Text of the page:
Today, Cuba officially lifted its ban on the sale of computers to the general public. Some other prohibitions have also been scrapped in recent weeks: Cubans can now buy cell phones, stay in hotels previously reserved for tourists, and buy appliances like microwaves and TV sets.
Is this a sign of openness from Cuba’s geriatric regime? Not so.
A Cuban dissident I met in Havana last year sent me today an article he wrote about the real motive behind relaxing these bans. It has been reported in the state-controlled media that people purchasing these goods are later being investigated by the authorities who want to know the real sources of their income. As it’s widely known, the average Cuban salary is less than $20 a month, while the cost of most of these goods ranges in the hundreds of dollars. Many Cubans get their extra money from relatives in the United States, but many others run independent (and illicit) small businesses.
My friend tells the story of the first person to purchase an electric bicycle, which cost the equivalent of $1,070. This man had a small butter factory that apparently was very profitable, since he was selling the butter at a lower price than the government. After buying his electric bicycle, the authorities investigated him and discovered his factory. They proceeded to confiscate everything they found in his home, including the bike.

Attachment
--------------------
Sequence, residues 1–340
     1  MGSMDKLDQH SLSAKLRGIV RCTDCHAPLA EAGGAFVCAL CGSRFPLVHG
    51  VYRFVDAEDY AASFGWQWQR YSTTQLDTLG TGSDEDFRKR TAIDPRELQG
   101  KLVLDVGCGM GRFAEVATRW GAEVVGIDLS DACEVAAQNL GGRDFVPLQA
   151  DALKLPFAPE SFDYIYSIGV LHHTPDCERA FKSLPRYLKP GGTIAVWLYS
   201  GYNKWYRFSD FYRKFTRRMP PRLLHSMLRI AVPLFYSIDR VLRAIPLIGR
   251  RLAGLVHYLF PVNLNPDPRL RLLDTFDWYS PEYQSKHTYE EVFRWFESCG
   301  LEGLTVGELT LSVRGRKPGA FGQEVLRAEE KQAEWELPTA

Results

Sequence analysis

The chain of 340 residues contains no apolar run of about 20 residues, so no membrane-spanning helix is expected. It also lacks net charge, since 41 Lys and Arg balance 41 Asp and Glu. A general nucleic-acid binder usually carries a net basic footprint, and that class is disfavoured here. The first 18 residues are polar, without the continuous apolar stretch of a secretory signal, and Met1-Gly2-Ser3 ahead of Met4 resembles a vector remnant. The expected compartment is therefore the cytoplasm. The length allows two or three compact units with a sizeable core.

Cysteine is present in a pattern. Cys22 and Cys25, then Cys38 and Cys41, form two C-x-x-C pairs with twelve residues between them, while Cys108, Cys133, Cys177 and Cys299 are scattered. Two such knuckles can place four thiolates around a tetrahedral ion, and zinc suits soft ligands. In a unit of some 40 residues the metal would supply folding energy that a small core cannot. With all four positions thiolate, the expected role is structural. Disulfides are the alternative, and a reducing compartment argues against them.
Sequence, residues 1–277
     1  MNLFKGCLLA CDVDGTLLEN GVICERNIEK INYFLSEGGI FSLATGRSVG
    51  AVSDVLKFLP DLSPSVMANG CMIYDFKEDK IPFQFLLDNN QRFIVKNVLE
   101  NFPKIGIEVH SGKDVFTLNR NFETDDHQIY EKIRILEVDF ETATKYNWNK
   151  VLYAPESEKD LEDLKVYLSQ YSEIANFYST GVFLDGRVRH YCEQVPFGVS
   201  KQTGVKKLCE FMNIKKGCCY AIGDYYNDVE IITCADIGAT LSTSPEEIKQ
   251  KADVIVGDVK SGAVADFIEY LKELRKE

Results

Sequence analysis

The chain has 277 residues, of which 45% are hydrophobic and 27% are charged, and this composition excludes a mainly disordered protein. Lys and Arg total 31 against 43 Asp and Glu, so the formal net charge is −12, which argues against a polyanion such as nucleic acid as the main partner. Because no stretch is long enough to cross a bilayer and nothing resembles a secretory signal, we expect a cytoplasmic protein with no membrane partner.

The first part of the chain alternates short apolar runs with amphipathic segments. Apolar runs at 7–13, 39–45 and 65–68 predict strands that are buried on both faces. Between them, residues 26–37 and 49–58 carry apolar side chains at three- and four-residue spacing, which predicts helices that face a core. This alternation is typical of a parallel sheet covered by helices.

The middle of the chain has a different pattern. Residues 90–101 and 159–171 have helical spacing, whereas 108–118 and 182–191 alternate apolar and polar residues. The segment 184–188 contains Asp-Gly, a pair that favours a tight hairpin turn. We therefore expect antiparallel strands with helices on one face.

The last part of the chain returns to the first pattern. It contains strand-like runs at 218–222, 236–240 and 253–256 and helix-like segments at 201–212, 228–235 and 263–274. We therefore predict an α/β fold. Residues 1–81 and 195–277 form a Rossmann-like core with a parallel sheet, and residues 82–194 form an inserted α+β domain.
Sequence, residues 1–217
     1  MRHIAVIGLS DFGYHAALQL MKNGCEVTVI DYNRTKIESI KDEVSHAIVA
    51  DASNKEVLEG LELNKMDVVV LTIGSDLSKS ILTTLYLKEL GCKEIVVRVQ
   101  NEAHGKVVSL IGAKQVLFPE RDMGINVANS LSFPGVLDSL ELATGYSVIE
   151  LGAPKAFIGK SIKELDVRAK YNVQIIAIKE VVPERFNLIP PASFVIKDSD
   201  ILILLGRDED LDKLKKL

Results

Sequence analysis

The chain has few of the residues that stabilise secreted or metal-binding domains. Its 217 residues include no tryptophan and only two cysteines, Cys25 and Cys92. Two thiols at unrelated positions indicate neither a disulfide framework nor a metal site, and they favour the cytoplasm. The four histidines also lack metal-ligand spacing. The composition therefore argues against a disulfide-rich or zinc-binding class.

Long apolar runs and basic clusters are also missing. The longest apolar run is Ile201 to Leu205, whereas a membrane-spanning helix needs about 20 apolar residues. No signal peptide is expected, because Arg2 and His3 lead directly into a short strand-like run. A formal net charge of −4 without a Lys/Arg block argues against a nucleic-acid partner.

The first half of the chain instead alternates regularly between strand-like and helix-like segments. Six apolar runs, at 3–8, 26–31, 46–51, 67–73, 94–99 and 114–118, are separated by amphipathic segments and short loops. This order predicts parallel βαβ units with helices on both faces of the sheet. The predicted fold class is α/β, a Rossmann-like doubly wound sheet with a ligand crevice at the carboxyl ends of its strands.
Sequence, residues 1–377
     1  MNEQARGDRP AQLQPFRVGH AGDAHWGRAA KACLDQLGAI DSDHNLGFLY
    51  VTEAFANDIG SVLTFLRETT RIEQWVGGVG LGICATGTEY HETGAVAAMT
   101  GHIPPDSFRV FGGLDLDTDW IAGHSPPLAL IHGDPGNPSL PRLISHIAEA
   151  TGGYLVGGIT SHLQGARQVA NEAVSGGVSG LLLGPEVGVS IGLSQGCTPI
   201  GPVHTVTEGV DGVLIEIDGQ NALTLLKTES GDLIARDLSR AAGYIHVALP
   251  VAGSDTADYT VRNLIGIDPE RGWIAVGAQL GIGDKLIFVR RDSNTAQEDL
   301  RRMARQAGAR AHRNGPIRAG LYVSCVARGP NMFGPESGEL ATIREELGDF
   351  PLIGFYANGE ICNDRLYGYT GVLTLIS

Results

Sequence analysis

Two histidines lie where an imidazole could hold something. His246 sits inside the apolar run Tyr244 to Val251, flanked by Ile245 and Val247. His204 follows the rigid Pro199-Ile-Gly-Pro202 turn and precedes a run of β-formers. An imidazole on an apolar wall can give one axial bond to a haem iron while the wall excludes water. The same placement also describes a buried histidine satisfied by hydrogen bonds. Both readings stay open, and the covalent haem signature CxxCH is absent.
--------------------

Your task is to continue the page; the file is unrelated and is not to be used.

Let’s not forget that, after all, there is still a Castro brother running the show on the island. As my Cuban friend says about the so-called “reforms,” the fact that something is no longer prohibited doesn’t mean that you can do it.